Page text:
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Jitterbuggin' in Libby: Longtime school tradition continues

by Canda Harbaugh & Western News
| March 19, 2009 12:00 AM

From the “basic step” to the “chute through,” 100 Libby middle-schoolers jitterbugged to the likes of The Everly Brothers and Flash Cadillac, showing judges their best moves at Friday’s annual Jitterbug Competition.

“It’s fun, especially when they dip you,” eighth-grade participant Jaymee Robinson said, “as long as they don’t drop you.”

Students in the fifth through eighth grades dressed from casual to formalwear and performed a sequence of moves they learned during a five-week course in gym class. Numbered and labeled, the 21 moves hung on the wall behind them as they danced.

The top five couples were awarded $300 in cash prizes in the Glacier Bank-hosted competition. The best jitterbuggers spent weeks preparing for the big day.

“Almost every week we practiced at each other’s houses,” said first-place winner Mahalah Wedel, a sixth-grader. “We also practiced at recess.”

Wedel and her partner, sixth-grader Tyler Badertscher, performed more advanced moves like lifting and the “table top,” which they credit their parents for teaching them.  

Rosy-faced participants raced to the drinking fountains after the first block of songs while five judges pared 50 couples down to 15. A limbo competition entertained cheering parents, grandparents, students and teachers during the intermission.

The crowd roared as eighth-grader Hannah Payne, one of the taller of the limbo contestants, became the first student in the contest’s history to conquer the lowest notch on the stick – 22 inches.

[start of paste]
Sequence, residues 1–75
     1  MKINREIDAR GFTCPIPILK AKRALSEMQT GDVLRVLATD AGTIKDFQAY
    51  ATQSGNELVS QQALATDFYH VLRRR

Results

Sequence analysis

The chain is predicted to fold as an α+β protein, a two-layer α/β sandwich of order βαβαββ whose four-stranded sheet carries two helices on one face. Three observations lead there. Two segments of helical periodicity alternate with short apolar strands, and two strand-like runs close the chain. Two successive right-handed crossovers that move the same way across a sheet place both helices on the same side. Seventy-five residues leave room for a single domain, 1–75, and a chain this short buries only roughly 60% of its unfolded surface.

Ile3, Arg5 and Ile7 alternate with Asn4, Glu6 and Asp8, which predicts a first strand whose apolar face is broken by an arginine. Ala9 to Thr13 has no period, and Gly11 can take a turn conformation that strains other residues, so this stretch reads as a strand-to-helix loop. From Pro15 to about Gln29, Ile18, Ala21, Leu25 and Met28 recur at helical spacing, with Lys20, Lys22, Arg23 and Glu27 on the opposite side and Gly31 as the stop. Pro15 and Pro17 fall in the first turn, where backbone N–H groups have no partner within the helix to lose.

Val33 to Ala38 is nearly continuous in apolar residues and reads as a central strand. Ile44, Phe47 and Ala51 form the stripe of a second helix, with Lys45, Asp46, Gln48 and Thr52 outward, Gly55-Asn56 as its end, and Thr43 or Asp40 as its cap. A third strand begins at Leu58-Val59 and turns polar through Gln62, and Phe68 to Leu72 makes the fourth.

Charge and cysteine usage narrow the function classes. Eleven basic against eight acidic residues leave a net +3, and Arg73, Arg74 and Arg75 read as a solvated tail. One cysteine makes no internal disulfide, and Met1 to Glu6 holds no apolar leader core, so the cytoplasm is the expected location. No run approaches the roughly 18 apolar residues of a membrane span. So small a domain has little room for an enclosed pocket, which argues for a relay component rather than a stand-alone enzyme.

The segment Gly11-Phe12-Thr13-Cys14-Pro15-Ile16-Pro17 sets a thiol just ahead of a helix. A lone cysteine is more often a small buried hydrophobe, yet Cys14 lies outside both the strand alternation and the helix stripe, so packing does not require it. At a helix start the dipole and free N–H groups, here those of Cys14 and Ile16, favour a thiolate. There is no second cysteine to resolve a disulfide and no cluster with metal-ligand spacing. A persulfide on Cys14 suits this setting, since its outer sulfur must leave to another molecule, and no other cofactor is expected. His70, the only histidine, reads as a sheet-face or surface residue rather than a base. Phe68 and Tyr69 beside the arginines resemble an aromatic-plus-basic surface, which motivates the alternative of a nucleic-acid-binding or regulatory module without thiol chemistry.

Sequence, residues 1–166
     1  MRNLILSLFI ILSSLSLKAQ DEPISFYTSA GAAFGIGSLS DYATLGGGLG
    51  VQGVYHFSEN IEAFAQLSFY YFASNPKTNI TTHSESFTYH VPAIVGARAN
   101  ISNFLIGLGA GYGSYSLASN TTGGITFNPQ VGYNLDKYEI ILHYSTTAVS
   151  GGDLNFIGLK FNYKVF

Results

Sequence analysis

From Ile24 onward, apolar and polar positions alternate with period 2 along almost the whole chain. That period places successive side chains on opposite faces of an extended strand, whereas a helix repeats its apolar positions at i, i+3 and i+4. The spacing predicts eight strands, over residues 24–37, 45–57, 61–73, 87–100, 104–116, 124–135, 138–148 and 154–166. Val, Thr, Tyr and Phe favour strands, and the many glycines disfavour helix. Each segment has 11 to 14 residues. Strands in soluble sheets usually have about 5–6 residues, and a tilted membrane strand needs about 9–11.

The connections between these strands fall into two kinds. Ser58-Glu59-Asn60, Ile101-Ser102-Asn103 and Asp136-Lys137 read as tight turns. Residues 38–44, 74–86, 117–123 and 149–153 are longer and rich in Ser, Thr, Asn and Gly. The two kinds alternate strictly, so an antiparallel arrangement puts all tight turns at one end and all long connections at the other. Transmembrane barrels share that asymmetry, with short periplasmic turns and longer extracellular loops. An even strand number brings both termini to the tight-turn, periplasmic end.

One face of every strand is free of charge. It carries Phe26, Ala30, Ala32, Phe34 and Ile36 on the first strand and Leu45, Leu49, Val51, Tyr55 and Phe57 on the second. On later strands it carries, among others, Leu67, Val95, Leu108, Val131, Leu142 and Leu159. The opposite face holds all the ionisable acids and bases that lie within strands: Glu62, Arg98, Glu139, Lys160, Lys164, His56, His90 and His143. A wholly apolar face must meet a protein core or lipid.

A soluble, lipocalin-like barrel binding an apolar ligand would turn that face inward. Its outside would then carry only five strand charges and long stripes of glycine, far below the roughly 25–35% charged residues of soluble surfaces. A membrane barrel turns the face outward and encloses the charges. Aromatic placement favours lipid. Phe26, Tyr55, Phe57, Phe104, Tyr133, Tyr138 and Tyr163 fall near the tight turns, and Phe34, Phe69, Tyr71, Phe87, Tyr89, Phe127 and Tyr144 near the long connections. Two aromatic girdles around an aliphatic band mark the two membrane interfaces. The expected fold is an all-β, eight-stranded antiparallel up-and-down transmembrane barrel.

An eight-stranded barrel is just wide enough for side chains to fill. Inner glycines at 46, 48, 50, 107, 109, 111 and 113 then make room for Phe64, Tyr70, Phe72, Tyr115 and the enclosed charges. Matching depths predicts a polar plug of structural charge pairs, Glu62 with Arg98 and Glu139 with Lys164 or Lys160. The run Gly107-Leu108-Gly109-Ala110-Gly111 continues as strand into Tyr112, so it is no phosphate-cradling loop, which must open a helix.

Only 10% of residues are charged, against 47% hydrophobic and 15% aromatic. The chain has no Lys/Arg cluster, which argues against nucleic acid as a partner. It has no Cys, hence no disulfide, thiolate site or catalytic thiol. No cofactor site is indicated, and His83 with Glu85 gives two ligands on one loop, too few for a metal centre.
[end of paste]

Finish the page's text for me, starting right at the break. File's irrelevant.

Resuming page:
During the second block of songs, sixth-grader Tabitha Mirador giggled as she discussed with her dance partner eighth-grader Dustin Osborn why they didn’t make the first cut.

“You were pulling some awkward moves,” Mirador said. “We really only had two moves.”

“Well, we only practiced twice,” Osborn replied.

Because of the competition’s enormous popularity, school officials last year began restricting the number of participants.

“Judges would complain because it’s hard to pick out the top five couples when there were so many,” said the competition’s emcee and physical education teacher, Tim Hodel, “so we had to limit it to 50 couples.” 

The competition’s history is like that of the Jitterbug, a tradition that no one can put an exact date on. A bouncy variation of the Lindy Hop, the Jitterbug is a type of swing dance that dates back to at least the mid-1930s when band leader Cab Calloway introduced his tune of the same name. As for the school’s annual Jitterbug Competition, it began over 27 years ago, Hodel said.